SAN FRANCISCO (KRON) – The game of chess is played around the world, and the oldest, continuously running chess club in the U.S. is in downtown San Francisco at the Mechanics Institute. The institute is a kind of cultural center that goes back to 1854. 

Chess is one of its big draws, so the institute is now ramping up efforts to diversify the people who play, saying there are so many benefits for everybody. 

This spring, some 300 children of all ages and backgrounds from all corners of the Bay Area showed up to compete in the institute’s scholarship chess tournament. 

Some of those same young people are part of the institute’s chess school outreach. It includes 22 weekly classes in 16 private and public schools in San Francisco. In low-income communities, classes are free – all aimed at sparking new interest in the age-old game. 

“Our school outreach programs are really important to help provide interesting and new skillsets to the kids in our classes, things like patience, understanding strategy, being able to talk and analyze your game,” said Alyssa Stone, who is in charge of community engagement. “And it’s super interesting to see them and their wheels turning about how they play.”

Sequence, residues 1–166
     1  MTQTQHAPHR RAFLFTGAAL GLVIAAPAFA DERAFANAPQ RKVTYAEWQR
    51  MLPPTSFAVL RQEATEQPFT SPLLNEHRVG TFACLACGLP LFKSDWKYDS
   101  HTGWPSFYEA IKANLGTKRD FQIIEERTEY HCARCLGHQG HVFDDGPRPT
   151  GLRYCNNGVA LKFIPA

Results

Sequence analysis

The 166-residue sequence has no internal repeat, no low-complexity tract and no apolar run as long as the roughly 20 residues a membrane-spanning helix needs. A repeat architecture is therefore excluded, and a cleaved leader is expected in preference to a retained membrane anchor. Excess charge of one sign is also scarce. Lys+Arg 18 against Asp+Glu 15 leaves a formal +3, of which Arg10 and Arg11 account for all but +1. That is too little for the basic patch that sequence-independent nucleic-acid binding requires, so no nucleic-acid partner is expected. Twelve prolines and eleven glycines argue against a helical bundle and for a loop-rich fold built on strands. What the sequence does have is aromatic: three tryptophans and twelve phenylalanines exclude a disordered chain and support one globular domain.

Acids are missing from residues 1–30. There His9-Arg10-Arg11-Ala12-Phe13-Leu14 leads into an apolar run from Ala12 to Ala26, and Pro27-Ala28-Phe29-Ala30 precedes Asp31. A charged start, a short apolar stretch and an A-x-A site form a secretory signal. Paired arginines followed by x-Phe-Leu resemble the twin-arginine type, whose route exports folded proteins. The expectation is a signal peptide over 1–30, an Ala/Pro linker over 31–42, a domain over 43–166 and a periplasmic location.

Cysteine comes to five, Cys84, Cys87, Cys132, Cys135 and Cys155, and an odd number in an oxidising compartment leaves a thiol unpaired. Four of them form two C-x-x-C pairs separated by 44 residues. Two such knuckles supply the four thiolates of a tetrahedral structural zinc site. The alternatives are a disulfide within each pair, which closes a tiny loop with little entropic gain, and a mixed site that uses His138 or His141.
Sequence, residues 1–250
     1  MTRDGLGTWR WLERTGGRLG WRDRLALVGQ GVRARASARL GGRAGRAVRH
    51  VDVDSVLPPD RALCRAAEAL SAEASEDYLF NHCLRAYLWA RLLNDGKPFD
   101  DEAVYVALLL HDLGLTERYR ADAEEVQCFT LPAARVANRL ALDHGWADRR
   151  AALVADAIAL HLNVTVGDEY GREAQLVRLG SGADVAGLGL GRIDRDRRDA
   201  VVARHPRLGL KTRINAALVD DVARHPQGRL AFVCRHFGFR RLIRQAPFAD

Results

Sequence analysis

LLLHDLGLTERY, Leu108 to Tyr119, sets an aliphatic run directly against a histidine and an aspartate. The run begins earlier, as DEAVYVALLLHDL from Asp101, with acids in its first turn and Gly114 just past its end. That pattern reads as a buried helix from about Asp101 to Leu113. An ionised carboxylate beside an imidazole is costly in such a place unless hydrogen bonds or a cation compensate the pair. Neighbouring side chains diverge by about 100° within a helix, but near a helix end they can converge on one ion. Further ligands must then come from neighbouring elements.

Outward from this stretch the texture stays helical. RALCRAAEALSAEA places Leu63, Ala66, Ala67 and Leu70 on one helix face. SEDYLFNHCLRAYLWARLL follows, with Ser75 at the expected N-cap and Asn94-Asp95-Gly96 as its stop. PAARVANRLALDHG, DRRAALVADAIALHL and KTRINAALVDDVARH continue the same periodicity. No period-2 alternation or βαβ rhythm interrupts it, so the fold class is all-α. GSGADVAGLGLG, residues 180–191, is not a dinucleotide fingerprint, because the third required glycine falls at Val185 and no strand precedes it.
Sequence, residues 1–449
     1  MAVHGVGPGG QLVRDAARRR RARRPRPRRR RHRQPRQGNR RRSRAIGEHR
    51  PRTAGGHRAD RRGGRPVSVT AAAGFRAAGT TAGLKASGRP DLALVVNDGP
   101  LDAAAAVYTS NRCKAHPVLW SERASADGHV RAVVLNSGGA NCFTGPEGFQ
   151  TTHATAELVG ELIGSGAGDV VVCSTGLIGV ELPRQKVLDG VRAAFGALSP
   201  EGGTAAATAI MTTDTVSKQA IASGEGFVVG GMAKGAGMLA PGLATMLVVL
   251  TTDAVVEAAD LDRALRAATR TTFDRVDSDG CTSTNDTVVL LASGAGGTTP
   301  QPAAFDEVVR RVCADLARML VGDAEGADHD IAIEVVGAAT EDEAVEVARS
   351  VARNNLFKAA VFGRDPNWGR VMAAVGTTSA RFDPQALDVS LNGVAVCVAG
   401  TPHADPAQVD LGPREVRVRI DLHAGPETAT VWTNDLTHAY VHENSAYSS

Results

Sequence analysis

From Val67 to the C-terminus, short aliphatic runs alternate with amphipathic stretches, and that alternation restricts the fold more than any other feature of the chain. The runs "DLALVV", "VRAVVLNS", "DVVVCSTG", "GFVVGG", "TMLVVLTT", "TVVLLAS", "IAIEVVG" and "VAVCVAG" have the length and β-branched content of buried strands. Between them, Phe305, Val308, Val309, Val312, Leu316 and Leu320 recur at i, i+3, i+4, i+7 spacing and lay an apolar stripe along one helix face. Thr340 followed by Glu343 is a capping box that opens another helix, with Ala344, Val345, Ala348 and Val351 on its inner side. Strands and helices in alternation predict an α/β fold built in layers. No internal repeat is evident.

Danny Cao is a Mechanics Institute chess instructor. He played basketball as a kid and says it took him years to beat his mother’s boyfriend. Kids can be competitive in chess with adults much more quickly. 

“Chess is one of the ways that a child can, like language, learn something very quickly and measure themselves up to an adult very quickly,” Cao said. 

The hope is that one day all of the young kids in the school programs will wind up at the historic Mechanics Institute where they have weekly chess tournaments. 

One of the activities they play is “Blitz,” or fast chess. Each player has three minutes on the clock. One game is six minutes. Classical or slow chess can last hours.

“Chess is a universal game,” Stone said. “You don’t need to speak the same language. You don’t need to have come from the same places. Everybody has the same rules and knows how to play chess together.”

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That’s why the Mechanics Institute believes chess is an easy sell when it comes to its efforts to diversify the people who play the game. Because as you look around the room where the kids are playing, you can see there is a way to go.

“We’re really trying hard to make sure women and girls and people who are not often seen in the game of chess have a place here,” Stone said. 

There are all types of programs at the Mechanics Institute, and they are open to the public, whether you are a member or not. Every Tuesday evening, the chess tournaments are open to all. And in addition to the school chess program, there are women and girls chess classes on Sundays – all in an effort to diversify.